k=: >:i.101
   F =: k&Gross

The number of possible blists for arrays of ranks 1 through 15 are:

n  F n      n        F n       n              F n
1    1      6       4683      11       1622632573
2    3      7      47293      12      28091567595
3   13      8     545835      13     526858348381
4   75      9    7087261      14   10641342970443
5  541     10  102247563      15  230283190977853

The terminal digits of the values repeat in the pattern 1 3 3 5, so that if 4|n is 1 2 3 0, then 10|F n is 1 3 3 5, respectively, for positive n. This series is number A000670 in N. J. A. Sloane’s magnificent website, On-Line Encyclopedia of Integer Sequences (OEIS):
http://oeis.org

I shall be referring to Sloane’s OEIS numbers frequently in what follows.

This sequence of numbers arises naturally in a variety of areas, in addition to sorting, including trees with n+1 leaves, combination locks, compositions of numbers, and left arguments to APL’s transpose dyad, but it is the sorting topic that is most interesting. It allows one to say in exactly how many ways an arbitrary list of length n can be arranged. For example, three items A, B, and C of any value can be arranged in thirteen ways, depending on their size interrelationships, using the relations = and < and the convention that A=B<C means (A=B)*.(B<C). Next to each relation list I’ve placed the corresponding blist, to show the kinship of the two forms.

   A=B=C  0 0 0
   A=B<C  0 0 1
   A=C<B  0 1 0
   A<B=C  0 1 1
   A<B<C  0 1 2
   A<C<B  0 2 1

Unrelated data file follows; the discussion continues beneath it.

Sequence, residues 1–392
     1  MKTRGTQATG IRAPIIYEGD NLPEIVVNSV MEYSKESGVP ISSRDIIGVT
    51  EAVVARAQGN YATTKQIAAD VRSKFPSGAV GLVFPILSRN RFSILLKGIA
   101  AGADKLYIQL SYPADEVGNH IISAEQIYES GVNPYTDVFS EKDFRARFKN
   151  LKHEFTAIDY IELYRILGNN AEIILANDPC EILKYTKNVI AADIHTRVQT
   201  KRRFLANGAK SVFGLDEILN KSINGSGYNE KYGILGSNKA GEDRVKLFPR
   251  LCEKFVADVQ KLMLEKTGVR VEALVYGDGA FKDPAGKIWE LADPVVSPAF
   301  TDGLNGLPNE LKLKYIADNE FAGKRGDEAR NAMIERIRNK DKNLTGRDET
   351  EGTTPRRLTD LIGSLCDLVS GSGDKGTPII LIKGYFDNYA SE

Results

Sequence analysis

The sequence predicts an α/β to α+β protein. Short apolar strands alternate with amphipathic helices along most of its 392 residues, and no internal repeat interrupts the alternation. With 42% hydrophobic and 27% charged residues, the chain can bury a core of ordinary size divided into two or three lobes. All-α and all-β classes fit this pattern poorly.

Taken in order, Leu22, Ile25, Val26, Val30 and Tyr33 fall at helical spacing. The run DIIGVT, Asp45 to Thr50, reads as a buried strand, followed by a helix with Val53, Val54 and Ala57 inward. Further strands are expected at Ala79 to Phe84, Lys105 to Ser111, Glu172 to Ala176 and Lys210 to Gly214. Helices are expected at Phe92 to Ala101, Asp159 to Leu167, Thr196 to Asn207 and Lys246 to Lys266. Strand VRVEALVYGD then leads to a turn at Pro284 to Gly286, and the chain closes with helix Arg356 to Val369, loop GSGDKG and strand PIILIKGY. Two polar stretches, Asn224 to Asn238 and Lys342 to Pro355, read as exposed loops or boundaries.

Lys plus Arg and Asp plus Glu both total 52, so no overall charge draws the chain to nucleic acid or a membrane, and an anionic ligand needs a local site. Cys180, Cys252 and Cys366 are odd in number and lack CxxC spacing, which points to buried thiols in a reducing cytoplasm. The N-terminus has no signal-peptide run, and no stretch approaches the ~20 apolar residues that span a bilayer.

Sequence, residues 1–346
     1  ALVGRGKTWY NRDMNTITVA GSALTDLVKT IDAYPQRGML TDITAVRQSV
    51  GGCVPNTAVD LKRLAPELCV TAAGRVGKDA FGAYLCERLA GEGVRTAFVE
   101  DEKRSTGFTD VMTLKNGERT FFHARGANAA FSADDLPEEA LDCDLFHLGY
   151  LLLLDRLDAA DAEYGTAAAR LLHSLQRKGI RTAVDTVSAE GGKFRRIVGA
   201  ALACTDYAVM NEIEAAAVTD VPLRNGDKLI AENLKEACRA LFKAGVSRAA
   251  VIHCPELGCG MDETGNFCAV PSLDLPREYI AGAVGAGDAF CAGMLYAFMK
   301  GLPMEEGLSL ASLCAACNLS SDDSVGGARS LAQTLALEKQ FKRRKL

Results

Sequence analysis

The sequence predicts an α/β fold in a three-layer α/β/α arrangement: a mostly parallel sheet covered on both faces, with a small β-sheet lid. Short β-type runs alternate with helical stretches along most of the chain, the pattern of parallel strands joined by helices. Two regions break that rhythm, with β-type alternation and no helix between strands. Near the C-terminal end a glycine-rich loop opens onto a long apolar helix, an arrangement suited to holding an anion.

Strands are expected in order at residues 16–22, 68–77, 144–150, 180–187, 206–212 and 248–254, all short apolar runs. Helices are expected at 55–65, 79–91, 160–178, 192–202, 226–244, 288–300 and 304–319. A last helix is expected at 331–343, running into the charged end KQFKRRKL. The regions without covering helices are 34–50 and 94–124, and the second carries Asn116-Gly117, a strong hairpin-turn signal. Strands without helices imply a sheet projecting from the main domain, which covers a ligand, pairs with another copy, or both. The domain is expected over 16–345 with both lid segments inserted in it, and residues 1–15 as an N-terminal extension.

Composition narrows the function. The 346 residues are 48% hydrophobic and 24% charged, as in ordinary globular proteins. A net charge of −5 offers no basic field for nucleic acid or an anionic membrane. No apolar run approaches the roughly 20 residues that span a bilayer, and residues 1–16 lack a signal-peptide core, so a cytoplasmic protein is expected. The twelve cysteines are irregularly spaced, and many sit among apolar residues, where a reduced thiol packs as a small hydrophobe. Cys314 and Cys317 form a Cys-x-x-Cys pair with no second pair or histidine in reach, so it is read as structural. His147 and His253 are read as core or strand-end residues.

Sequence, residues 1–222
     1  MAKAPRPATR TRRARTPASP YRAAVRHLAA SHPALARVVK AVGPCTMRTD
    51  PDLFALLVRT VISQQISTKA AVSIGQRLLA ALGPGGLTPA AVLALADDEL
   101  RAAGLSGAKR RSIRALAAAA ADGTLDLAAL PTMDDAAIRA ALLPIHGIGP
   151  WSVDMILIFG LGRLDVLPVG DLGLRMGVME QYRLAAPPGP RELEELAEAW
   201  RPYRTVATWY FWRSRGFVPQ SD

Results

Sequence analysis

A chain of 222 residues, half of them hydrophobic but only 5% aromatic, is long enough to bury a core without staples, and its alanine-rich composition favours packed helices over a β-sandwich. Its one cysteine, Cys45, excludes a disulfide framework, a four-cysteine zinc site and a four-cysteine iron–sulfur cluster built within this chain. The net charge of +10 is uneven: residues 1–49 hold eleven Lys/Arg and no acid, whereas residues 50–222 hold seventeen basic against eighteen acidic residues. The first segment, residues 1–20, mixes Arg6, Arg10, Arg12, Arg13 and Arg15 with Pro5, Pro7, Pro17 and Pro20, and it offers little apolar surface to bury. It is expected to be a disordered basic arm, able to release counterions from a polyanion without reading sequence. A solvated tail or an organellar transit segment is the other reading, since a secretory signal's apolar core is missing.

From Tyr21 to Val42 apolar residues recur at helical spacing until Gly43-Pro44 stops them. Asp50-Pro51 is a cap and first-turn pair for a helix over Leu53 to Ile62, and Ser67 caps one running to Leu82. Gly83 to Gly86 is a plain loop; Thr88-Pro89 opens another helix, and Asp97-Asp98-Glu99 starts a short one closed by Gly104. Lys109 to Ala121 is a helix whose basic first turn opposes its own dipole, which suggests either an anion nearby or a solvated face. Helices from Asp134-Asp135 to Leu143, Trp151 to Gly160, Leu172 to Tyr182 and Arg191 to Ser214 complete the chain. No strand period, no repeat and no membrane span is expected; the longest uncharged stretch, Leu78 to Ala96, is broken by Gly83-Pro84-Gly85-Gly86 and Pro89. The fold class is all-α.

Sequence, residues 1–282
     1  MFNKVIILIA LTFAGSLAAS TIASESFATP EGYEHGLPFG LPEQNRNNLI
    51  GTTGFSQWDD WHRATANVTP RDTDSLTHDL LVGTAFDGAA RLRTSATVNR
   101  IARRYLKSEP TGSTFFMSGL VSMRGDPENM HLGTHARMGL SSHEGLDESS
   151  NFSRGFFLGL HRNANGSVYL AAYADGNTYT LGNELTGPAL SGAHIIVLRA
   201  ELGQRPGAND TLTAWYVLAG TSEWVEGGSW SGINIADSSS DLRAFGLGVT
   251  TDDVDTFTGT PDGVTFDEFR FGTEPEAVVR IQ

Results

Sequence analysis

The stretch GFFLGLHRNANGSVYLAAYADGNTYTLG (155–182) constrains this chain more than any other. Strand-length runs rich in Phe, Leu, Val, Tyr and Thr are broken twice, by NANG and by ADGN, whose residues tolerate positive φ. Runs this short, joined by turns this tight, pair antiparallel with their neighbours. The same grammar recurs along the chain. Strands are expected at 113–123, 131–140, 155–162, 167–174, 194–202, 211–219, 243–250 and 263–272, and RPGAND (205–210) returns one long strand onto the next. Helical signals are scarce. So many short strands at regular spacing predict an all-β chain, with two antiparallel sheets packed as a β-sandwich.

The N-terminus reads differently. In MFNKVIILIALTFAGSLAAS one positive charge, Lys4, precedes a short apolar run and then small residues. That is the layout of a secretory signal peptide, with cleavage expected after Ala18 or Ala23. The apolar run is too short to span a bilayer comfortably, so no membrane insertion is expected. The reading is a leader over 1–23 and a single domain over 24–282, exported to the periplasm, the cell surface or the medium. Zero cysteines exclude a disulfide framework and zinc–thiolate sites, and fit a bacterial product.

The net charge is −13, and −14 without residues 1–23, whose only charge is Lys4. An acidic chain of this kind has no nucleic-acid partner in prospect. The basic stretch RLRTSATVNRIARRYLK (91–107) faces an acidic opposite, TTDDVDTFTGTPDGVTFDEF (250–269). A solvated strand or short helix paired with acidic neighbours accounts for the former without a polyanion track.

B=C<A  1 0 0
   B<A=C  1 0 1
   B<A<C  1 0 2
   C<A=B  1 1 0
   C<A<B  1 2 0
   B<C<A  2 0 1
   C<B<A  2 1 0

Gross’s formula, even after increasing the number of terms in the left argument, begins to lose accuracy after length 14. To obtain accurate values for Pn, the number of blists of length n, one can use the identity: 2P,,n,,=∑,,k,, (k!n) * P,,n-k,, , for n> 0 .

Instead of obtaining just one value, we obtain a list of all the values up to the one we’re seeking, given that the first value is 1, and that all successive values can be appended to this value by a sum of the products of the list and a conforming list of binomials. For example, assuming we have the list 1 1 3, we can get the next two longer lists by:

   1 1 3 , +/ 1 1 3 * ((i.3)!3)
1 1 3 13
   1 1 3 13 , +/ 1 1 3 13 * ((i.4)!4)
1 1 3 13 75

The function LPA encapsulates this strategy:

   LPA =: 13 : 'y,+/y*(i.!])#y'
   LPA 1
1 1
   LPA LPA 1
1 1 3
   LPA LPA LPA 1
1 1 3 13
   LPA^:3[1
1 1 3 13

To produce the list of the first n terms, one would write LPA^:n 1. Because the terms grow large quite rapidly, it is necessary to use extended arguments if terms of high degree are wanted. We can thus obtain arbitrarily large values.

   LPA =: 13 : 'y,+/y*(i.!])#y'
   ,.28 29 30 31{LPA^:31[1x
     6297562064950066033518373935334635
   263478385263023690020893329044576861
 11403568794011880483742464196184901963
510008036574269388430841024075918118973

Approximate values can be obtained by the function L, built around the powers of the logarithm of 2 (this isn’t in Knuth, I found it accidentally by playing with the series):

   L=: 13 : '(!y)%+:(^.2)^>:y'
   L 8
545834.99790748546
   L 9
7087261.0016229022

Rounding to the nearest integer, this function will give accurate results up to 13,

   <.0.5+L 13
526858348381

but is off by one for 14:

   <.0.5+L 14
10641342970444

We know this can’t be right, since if 4|14 is 2, then 10| L 14 must be 3, not 4.

Another way to get the number of blists for a given n is to use its exponential generating function (egf). I look back wistfully on myself at the age of 19 learning the calculus necessary to understand exponential generating functions, but in the 55 years since the knowledge has somehow departed from me. Now I can’t tell you how to derive it, but will merely state it. If you have the necessary mathematical background to understand it (which I don’t any more), you can read the answer to exercise 7.44 in Knuth et al’s Concrete Mathematics. In common mathematical notation the egf for the number of blists is 1/(2-en), and the J version can be written directly from this: